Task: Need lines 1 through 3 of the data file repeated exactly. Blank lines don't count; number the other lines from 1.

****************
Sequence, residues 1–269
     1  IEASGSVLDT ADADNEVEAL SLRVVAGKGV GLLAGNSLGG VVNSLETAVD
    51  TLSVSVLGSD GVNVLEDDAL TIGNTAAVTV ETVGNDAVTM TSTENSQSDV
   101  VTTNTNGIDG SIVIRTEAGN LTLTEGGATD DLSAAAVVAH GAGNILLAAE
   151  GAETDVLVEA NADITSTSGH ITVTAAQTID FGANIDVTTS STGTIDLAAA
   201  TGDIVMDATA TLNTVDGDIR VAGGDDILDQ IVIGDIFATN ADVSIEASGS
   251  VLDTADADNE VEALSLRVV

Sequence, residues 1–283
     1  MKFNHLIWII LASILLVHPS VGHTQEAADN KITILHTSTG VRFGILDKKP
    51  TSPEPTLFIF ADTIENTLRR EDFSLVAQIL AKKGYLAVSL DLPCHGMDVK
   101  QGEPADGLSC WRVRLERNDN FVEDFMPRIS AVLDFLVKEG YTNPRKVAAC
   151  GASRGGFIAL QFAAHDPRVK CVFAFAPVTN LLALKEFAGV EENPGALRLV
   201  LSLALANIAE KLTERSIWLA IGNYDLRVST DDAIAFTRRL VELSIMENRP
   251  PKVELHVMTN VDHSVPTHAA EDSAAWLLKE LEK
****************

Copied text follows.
Sequence, residues 1–269
     1  IEASGSVLDT ADADNEVEAL SLRVVAGKGV GLLAGNSLGG VVNSLETAVD
    51  TLSVSVLGSD GVNVLEDDAL TIGNTAAVTV ETVGNDAVTM TSTENSQSDV